The civil war could have been avoided at the cost of splitting the country, and setting up a precedent for further fragmentation of the country. IMO this could have led to more conflicts of smaller Scale among a large number of sovereign entities on the continent. It is my opinion that a large, wealthy, and relatively free United States has been good for the world. It may not have happened without that bloody conflict.

The various Indian wars had plenty of misfires and wrong. Much of it could have been avoided with better integrity (trail of Tears etc) though I believe many of the tribes made it necessary to choose between expansion and conflict. Avoiding all conflict could have severely restricted the settlement of the country to the point of holding to little more than the original colonies.

The Spanish/American war could have been avoided. I haven't an opinion on long term desirability of that, though I may be inclined to agree with you looking at the individual pieces.

World War 1 could have been avoided by us and some of the alternate histories would have been much better for the world.

I don't know enough about the 'Banana wars' of the 20s and 30s to comment. I'm probably with you on them.

I have read considerably on the causes of our entry into World War 2, and think it depends of when you draw the line as to whether we could avoid getting into it. After Pearl Harbor it was a done deal. Before then there were numerous stopping points given a bit less belligerency on the part of FDR. The various embargoes and ineffective sanctions on the Japanese seem a bit schizo and counterproductive in retrospect. Given the nature of the Japanese empire at that point in history, a military build up of US forces, especially naval, seems inevitable at that time. On the European side, I would say you made your points.

The Korean war seems inevitable for us if you think we had a reasonable case for guaranteeing South Korean independence.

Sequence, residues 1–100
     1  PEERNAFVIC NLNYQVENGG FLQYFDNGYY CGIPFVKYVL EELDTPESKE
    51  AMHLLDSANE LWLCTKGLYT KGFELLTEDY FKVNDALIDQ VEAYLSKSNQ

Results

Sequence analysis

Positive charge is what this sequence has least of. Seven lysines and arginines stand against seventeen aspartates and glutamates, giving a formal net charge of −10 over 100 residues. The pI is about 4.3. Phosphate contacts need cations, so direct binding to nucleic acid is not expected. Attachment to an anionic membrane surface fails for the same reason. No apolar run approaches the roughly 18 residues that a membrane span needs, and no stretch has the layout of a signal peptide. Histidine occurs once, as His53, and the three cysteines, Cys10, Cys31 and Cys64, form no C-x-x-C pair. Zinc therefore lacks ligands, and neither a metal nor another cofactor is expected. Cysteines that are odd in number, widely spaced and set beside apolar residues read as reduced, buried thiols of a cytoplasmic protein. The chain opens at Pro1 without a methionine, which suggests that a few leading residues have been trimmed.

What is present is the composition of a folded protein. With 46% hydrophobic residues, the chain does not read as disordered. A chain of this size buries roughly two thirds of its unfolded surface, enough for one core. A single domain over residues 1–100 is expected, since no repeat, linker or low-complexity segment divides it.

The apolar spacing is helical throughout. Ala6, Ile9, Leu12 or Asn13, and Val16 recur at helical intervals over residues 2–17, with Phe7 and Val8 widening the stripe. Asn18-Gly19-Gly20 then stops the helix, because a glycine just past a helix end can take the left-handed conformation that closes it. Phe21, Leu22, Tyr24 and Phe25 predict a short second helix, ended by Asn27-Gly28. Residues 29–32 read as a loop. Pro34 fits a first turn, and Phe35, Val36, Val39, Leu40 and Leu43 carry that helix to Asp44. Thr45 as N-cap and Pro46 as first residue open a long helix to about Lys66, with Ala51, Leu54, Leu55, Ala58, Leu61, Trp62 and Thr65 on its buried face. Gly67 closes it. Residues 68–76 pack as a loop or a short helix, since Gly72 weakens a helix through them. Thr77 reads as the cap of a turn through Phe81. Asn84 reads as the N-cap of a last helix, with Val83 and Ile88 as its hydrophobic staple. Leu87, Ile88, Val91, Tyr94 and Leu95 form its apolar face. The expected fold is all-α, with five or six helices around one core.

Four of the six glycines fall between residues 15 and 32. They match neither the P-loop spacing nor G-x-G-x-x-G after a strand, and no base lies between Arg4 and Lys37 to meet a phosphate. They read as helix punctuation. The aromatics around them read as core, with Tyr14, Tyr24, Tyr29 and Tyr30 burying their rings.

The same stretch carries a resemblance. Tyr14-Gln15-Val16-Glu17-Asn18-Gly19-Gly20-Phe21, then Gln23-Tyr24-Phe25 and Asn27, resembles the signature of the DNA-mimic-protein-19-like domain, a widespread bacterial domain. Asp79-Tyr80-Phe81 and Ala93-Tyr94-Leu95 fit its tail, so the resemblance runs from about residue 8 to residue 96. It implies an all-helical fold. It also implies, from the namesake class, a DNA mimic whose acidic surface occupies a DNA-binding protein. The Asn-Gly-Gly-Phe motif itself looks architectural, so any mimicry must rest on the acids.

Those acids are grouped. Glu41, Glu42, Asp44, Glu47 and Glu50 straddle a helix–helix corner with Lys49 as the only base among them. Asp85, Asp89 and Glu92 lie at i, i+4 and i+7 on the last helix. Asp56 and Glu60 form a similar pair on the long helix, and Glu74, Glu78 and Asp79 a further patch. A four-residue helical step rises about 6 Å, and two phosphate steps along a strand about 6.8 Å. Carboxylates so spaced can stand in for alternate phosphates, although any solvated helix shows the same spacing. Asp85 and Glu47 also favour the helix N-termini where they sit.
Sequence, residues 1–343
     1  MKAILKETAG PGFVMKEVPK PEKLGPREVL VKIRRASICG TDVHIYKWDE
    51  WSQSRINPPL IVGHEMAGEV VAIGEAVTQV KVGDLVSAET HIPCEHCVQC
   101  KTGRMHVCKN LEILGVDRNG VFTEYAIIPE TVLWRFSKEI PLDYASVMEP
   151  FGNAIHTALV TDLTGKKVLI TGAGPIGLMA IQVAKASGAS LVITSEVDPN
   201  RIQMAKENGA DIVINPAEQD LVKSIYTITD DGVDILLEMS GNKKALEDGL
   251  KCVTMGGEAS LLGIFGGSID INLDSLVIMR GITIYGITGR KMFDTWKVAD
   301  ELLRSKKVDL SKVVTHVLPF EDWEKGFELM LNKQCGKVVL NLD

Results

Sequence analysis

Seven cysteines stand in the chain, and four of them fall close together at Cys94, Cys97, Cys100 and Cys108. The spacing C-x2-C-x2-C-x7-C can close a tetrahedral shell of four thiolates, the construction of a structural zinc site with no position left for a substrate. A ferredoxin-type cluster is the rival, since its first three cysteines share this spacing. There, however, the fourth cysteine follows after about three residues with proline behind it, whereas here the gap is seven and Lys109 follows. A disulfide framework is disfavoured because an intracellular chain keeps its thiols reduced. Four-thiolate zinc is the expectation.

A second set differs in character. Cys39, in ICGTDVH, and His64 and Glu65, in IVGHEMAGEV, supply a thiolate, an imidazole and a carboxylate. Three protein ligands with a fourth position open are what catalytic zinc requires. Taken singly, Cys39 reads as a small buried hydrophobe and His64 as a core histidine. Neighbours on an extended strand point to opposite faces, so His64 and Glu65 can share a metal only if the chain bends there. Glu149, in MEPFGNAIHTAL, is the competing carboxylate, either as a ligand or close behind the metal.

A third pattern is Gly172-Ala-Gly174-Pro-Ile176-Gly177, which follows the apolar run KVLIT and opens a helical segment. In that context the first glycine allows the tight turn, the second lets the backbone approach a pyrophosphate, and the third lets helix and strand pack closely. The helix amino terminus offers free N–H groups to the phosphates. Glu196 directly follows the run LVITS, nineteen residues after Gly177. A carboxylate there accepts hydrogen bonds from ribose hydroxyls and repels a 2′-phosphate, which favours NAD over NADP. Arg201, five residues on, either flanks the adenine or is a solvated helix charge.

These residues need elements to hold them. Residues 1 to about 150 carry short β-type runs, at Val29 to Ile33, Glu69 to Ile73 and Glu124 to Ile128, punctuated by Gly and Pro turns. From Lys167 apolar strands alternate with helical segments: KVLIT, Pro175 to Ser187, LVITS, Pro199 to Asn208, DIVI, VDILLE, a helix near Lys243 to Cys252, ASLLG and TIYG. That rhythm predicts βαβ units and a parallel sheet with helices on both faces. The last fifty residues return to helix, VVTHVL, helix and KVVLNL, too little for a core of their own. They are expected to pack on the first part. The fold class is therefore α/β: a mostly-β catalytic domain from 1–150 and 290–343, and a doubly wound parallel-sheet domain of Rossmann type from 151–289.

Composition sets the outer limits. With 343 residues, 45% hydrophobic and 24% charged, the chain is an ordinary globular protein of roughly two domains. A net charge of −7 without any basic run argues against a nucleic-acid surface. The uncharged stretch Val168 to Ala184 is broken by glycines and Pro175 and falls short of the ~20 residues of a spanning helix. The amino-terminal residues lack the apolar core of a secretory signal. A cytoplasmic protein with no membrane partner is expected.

Vietnam could have been avoided at so many points starting with bringing the French back in 1945, that it just seems nuts that it was allowed to escalate as it did. The Vietnamese were more nationalist than communist in 1945 and could have been an Asian Yugoslavia politically with fairly minor effort.

Grenada, Panama and so on, I don't know.

Justifying Desert Storm/Shield depends on your notions of national interest. Avoiding it could have been done with advance warnings to Hussein that invasion would cause war, or by not backing any local governments in the first place.

The latest mid east interventions are a mess.

I think your thesis rests on having diplomats and politicians that actually look further down the road than most of them historically do. It also requires a bit of reading of tea leaves in understanding all of the effects of current actions on future events. It is much easier to second guess history than to future guess it.

Sometimes strength allows one to avoid conflict. I do construction work and many of the people I have worked around over the last several decades are not your finest upstanding citizens. That I am over 200 pounds and reasonably fit has prevented many of the problems experienced by others, no fights in 40 years. That some people carry weapons in their vehicles means that belligerent people do not start crap as you are leaving.

Sunday morning ramblings. Thanks for your work. Agree or disagree, your posts help me clarify my own opinions.